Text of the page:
The Sporting Time
Swiss sports watches are high-performance timepieces
From the Print Edition:
Kevin Bacon, May/Jun 00
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Besides fashioning submersibles for would-be Jacques Cousteaus, Oris is reaching new heights with its automatic, retro-looking BC3 pilot's watches. Inspired by the Big Crown mechanicals that American airmen used in the Second World War to set the time in the numbing cold over the English Channel, BC3s are equipped with sturdy ETA-calibre 2836.2 movements, scratchproof sapphire crystals, day and date display windows, and white or black dials with illuminated hands.
Oris Worldtimers, particularly the 18-carat rose-gold Jules Verne with two separately adjustable time indicators and an automatic date corrector, also celebrate a heroic spirit. Designed to prevent the date error that almost doomed Phileas Fogg's 80-day around-the-world quest, this 30-jewel limited-edition watch measures the hour in two time zones and automatically switches the date backwards or forwards when the watch is adjusted to local time. A must for globe-trotting travelers, the Classic Worldtimers are fitted with anti-reflex sapphire crystals, stainless steel skeleton screw backs, and secure metal bracelets or leather straps.
From black-dialed chronographs offering speed and distance timers, to Radius watches symbolizing the sun and automatic 27-jewel chronometers that are certified for accuracy by a Swiss testing institute, Oris offers additional unique pieces.
Two of the most notable Oris watches are the new Full Steel Pointer Day and Big Crown Original, one of the company's oldest models. Sized at 39.50 millimeters in diameter, the black- or white-dialed Pointer Day features an easy-to-read date window, is water-resistant to 100 meters, and indicates the day of the week with a red center hand. Oris's technical accomplishments are further dramatized by a transparent glass back, which provides a view of the movement and its hand-finished components.
The Pointer's sister piece, the Big Crown Original, is equally Hi-Mech. Similar in looks to a classic aviator's watch, this stainless steel piece in two men's sizes (36- or 44.5-millimeter case) is powered by an ETA-based movement. It displays hours, minutes and seconds and employs a distinctive pitchfork-shaped hand, which points to one of the 31 numerals marking the date.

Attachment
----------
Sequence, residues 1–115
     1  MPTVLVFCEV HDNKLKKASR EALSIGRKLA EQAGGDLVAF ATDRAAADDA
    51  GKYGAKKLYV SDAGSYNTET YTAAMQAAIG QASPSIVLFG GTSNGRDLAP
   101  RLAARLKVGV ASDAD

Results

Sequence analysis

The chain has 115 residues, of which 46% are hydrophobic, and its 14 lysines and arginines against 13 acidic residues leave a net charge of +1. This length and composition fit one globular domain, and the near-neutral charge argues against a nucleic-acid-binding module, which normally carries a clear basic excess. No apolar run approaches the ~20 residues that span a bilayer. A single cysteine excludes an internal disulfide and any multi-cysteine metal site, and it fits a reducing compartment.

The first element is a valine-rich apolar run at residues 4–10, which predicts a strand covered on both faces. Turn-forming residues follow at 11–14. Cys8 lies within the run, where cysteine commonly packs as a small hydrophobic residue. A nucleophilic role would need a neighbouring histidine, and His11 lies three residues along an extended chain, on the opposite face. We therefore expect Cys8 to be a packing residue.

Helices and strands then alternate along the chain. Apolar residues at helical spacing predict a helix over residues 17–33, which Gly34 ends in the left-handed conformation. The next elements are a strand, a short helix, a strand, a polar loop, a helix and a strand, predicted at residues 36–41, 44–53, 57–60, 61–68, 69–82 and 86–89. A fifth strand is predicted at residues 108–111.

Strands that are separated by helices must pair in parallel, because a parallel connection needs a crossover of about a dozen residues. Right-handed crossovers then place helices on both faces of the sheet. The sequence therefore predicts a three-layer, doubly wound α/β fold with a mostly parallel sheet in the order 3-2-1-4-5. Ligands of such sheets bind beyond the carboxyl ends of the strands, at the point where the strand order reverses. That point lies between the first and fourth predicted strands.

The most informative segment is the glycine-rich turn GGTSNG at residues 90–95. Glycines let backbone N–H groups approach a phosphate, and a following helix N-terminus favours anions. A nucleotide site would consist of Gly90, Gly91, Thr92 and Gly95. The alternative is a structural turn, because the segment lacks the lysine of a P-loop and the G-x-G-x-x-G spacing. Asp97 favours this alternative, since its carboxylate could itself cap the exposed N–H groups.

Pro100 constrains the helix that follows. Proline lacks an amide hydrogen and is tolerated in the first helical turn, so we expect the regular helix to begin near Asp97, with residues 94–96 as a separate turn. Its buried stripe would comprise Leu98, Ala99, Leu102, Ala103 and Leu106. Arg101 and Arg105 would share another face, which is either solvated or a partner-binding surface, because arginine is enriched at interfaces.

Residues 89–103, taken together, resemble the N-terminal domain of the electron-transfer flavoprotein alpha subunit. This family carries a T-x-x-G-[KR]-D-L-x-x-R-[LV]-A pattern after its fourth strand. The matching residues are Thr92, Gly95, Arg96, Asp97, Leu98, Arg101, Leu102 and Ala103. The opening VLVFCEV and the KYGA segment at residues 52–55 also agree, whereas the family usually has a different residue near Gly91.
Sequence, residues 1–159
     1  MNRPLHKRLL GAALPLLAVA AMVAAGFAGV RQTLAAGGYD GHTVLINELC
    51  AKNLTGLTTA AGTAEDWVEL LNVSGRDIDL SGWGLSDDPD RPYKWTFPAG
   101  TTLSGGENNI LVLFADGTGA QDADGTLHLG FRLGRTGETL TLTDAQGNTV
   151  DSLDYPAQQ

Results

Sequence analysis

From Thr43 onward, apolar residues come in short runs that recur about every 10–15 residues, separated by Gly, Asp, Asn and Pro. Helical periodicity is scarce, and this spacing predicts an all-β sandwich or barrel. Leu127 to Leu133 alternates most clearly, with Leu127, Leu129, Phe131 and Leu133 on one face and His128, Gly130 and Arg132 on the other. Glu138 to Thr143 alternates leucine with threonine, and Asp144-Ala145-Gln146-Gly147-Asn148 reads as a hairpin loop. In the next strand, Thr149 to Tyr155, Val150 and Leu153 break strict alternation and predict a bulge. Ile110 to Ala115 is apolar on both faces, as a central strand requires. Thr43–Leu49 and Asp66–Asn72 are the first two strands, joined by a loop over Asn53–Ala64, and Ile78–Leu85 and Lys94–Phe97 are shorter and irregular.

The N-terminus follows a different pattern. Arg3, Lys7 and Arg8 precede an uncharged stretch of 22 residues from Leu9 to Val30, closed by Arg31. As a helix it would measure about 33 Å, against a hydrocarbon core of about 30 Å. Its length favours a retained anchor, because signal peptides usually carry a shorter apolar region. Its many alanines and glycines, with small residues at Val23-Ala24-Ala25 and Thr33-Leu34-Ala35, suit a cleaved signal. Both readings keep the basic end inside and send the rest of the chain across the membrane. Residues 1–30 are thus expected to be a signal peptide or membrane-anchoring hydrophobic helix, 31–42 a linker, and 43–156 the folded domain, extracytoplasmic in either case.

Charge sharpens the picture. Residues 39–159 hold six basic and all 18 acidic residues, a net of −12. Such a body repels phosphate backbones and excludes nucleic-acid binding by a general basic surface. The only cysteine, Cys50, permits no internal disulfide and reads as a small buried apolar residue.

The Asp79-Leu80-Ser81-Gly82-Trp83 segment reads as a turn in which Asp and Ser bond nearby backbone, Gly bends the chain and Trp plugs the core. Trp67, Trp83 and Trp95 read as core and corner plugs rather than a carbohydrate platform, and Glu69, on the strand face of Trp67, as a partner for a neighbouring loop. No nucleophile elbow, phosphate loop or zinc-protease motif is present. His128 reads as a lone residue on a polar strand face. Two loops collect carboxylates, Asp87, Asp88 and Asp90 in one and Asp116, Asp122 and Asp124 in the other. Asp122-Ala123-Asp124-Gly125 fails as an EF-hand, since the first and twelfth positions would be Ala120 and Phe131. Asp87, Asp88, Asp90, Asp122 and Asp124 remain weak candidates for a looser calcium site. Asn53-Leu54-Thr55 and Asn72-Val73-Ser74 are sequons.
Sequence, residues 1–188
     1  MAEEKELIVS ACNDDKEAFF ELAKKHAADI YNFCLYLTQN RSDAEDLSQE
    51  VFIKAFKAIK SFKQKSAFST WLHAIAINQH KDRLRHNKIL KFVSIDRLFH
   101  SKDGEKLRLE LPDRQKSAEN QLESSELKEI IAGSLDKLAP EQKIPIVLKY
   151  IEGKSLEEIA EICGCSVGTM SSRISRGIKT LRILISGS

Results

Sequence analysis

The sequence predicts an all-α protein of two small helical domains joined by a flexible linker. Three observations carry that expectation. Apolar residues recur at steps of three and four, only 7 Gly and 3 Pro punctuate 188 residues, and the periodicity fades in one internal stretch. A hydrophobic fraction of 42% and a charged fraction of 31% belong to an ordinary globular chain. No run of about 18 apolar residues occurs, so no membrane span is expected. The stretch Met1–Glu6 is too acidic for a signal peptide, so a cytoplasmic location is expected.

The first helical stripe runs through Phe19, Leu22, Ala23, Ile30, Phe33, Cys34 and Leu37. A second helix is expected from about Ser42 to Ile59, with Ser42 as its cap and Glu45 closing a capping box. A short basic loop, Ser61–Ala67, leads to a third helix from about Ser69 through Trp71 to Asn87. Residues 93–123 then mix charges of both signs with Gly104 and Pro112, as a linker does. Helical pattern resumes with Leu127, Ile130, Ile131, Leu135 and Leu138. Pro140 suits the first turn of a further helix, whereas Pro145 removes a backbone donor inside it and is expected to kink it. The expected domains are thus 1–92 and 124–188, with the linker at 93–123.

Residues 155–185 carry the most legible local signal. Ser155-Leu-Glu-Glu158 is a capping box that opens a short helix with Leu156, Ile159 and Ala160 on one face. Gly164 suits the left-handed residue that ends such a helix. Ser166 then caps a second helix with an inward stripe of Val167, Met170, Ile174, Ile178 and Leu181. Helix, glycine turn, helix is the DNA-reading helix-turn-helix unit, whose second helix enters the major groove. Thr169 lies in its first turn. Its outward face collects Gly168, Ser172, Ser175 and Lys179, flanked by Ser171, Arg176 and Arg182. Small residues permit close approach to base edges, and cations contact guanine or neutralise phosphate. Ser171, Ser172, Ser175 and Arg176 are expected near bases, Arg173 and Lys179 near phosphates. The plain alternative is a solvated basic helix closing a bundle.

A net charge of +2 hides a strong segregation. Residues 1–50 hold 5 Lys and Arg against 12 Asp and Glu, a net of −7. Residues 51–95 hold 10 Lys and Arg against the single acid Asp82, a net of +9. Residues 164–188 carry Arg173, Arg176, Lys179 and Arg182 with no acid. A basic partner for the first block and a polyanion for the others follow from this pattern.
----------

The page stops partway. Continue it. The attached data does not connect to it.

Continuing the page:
Like Oris, TAG Heuer produces high-tech shock- and scratch-resistant sports watches for the active person. The product of a 1985 merger that connected then 125-year-old Heuer to the TAG (Techniques d' Avant-Garde) Group, this legendary Swiss brand is celebrating its self-described "alliance between tradition and innovation" with classic as well as imaginative futuristic designs.
The $2,000 Kirium Ti5 with an eight-year lithium battery pays homage to motor racing. Long employed as the official timekeeper of Formula 1 and Olympic sporting events, TAG Heuer designed this grade-5 titanium piece to be far stronger than steel, yet lightweight. The high-tech carbon fiber dial accentuates the polished case, and the watch has a glare-proof sapphire crystal, a unidirectional bezel and a supple, vulcanized, black rubber strap.
"We wanted to showcase our technological mastery in the ultimate modern sports watch, a model that defied time with very fluid lines," says Michael Fankhauser, TAG Heuer USA's vice president of marketing. "That was a challenge, since we had used titanium as early as 1985, but [because we were] unable to refine the polishing process, the metal looked too grainy. Now this grade-5 [titanium and vanadium] alloy allows us to offer a watch that shines like platinum and is highly comfortable to wear."
TAG is also renowned for its modern and stylistic Link collection. Meant to symbolize the link between ideas, determination, strength and human endeavor, these quartz and automatic watches feature angled S-shaped bracelets; oversized "sword" hands; black, white, blue or slate gray dials; and serrated unidirectional bezels. The most notable Link watch is an ergonomically advanced chronometer (designed to maximize productivity by reducing the wearer's fatigue and discomfort) with an ETA movement that sells for $2,395. The water-resistant (to 200 meters) Ti5 is a logical extension of the Link collection.
The Link watches were designed by Eddy Schopfer, the artist who also engineered the specifications for TAG's S/el line. The S/el models--automatic chronographs, certified-for-accuracy chronometers and quartz chronographs designed to measure tenths of a second--are being replaced by modern Link versions. Bimetallic S/els that were once showcased in stainless steel and gold plating will now consist of steel and solid gold. Whether it's an automatic chronograph, the quartz 1/10th version with small second, 30-minute and 12-hour registers, or any other time-ennobling Link, Fankhauser says "these pieces will be fashionably heavier and larger than their S/el predecessors."
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